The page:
He found he preferred Mr. Dunworthy's heart-felt, if often-times awkward and ill-timed caring to his mother's distracted love.
He lets himself into Mr. Dunworthy's rooms with the key no one had remembered to confiscate, after a brief scouting mission to the cafeteria - he was beginning to suspect that someone actually liked that absolutely necrotic oatmeal, because even though there were enough eggs and rashers and toast to steal himself a healthy plate, there'd still been a pot bubbling away in the corner like some sort of foul witch's brew. Curling up in the window seat, he plans his future while munching on toast smothered in marmalade. He wants to stay in Oxford, that was a fact. He also wants to become a historian one day, and even though he's certain he'd be brilliant at it as he was now, he's also sure no one else will see it that way. That means getting into the university, which means secondary school - a good secondary school, so he would be guaranteed entrance to Balliol on his own rights in five years. He could do it, he's sure.
The door opens, startling him, and the marmalade-covered toast plops onto the seat cover beside him.
Mr Dunworthy, damp muffler and overcoat in one hand, sheaf of papers in the other, stands in the doorway, eying him. Colin thinks about attempting the angelic look again, but dismissed the idea - after everything that'd happened, there's no way it would be believed.
"I could have sworn I saw you off at the train station." Dunworthy sounds puzzled, possibly wondering if he'd actually forgotten in amidst the chaos of start of term. Colin thinks about confirming that idea, or perhaps saying that the trains had been cancelled, or that it had been full - but he can see that his missing bag has been noted, and there's probably very little use denying a certain number of facts.
"Sir, I don't want to go back to London." His teeth click together on the heels of that statement, too late to trap the words and keep them from escaping. He hadn't meant to say it, and he can feel himself blushing in embarrassment, but there it is. With an almost painstaking slowness Mr. Dunworthy hung up his coat and muffler to dry and crossed the room, settling into the Chesterfield.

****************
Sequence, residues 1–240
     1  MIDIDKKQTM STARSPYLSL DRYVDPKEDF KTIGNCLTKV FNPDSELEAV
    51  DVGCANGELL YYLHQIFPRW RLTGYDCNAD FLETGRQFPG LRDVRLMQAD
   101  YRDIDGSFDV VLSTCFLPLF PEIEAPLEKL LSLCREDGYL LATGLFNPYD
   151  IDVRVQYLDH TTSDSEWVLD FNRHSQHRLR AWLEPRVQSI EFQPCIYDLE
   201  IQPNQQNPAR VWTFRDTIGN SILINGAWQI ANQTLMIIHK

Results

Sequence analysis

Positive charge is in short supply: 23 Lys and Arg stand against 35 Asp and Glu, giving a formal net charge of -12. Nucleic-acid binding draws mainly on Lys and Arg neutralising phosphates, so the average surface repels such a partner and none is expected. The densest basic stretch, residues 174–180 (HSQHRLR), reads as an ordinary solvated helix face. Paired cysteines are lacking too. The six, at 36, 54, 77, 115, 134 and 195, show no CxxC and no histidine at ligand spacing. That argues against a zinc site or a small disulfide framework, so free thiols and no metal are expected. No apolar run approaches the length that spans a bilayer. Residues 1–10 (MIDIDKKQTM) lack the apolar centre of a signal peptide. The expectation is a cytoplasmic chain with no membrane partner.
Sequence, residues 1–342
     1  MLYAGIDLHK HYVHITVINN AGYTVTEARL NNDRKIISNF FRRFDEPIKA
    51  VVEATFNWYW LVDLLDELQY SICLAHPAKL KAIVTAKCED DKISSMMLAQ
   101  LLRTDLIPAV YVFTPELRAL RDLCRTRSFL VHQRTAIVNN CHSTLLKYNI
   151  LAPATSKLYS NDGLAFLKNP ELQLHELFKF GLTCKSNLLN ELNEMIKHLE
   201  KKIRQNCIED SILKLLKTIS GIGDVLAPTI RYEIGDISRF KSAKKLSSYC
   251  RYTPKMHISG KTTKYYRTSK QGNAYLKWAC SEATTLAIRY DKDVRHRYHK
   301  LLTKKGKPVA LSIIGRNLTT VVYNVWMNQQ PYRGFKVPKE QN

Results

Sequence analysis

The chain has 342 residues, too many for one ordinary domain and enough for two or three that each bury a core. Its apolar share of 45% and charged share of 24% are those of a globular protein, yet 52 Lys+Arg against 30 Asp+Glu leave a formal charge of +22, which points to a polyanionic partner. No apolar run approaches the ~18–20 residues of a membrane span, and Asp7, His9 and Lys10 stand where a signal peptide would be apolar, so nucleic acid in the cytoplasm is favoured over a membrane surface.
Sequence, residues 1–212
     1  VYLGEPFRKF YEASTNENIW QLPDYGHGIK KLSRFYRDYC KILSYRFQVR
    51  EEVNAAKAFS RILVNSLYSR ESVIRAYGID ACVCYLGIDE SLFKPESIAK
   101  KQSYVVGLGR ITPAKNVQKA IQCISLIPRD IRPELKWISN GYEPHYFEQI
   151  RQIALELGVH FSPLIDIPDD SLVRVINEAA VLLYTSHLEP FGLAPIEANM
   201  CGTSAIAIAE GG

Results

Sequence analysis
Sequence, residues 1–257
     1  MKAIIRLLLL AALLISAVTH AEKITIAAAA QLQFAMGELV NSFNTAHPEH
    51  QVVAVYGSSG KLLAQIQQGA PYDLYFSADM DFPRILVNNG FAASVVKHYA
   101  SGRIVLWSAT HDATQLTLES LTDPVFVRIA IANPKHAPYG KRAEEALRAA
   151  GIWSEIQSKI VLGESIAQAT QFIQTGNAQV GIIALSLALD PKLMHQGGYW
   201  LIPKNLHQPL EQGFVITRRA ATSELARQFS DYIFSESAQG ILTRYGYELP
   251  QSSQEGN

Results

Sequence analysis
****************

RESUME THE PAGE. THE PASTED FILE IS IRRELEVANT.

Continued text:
"I want to stay here, with you - I can go to school, and then take my A levels and become a historian. I really do want to, you see, and I wouldn't be any trouble..." He babbles, only stopped when Mr. Dunworthy raises his hand in a gesture calling for silence.
The silence stretches, painfully. He's expecting a lecture on scorned maternal love, on doing what he is told until he is of age, on the dangers of time travel itself, on marmalade and what it does to seat cushions... anything. Instead he finds he is being stared at, examined, and he feels an acute sympathy for any of this man's students.
Then Mr. Dunworthy sighs, heaving out of his chair and disappearing into his office. He re-appears before Colin can decide if he's suppose to follow, and the original sheaf of papers is gone, replaced with a slim folder. The folder is handed to Colin silently, and then Mr. Dunworthy retreats into the Chesterfield again, still watching Colin as if this was some sort of trial.
Maybe it is.
Inside the folder are the bright and glossy pages of a school brochure - St. Edward's of Oxford, with its crest of a sword in a cup, an independent boarding school. Under that is a list of classes, with annotations about pros and cons to each written in the margins Dunworthy's cramped hand.
"I pulled your record. Your papers were exemplary... but I notice you only had them sent to schools in London. Your mother?" Colin flushes and nods, caught between embarrassment and pride, and momentarily, uncharacteristically, tongue-tied. "I thought perhaps that was it. I took the liberty of having them sent on to St. Edwards. They seemed suitably impressed."
"But... then why send me back to London?" Colin demanded hotly, the uncomfortably familiar coil of dread of abandonment twisting in his gut. "If you knew I could stay..."
"I did not want did not want to presume, and..." If anything Mr Dunworthy looks uncomfortable, like when he was trying to explain why he couldn't go after Kirvin, after fretting about her to the point of collapse. "Well. I didn't quite know how to ask, to be honest - you may have changed your mind, after the memorial and with how hectic things have been around here."
"Changed my mind?" Colin demands incredulously, earning another forestalling gesture and something of an exasperated grin.
"Clearly not. You are sure about this?" At Colin's fervent nod, the man rises again, disappearing back into the office, but he can hear the one-sided phone conversation that follows.
"Firth? Yes, please arrange for Mr. Colin Templer to be transferred to St. Edwards starting this term, the paperwork should be waiting at the office, and do inform Mrs. Templer of the changes. Doctor Arhen's trust should cover this year's fees without trouble. Yes, today, if you please. Oh, and can you send someone 'round to the railway station before Colin's bags are sent away to police as evidence of a runaway?"
He is going to stay in Oxford. He is going to study in Oxford and one day be part of Balliol's history department and he will be able to see the past with his own eyes. This last, greatest Christmas gift leaves him grinning at the open door of Mr. Dunworthy's office like the world's greatest idiot, and he cannot bring himself to care.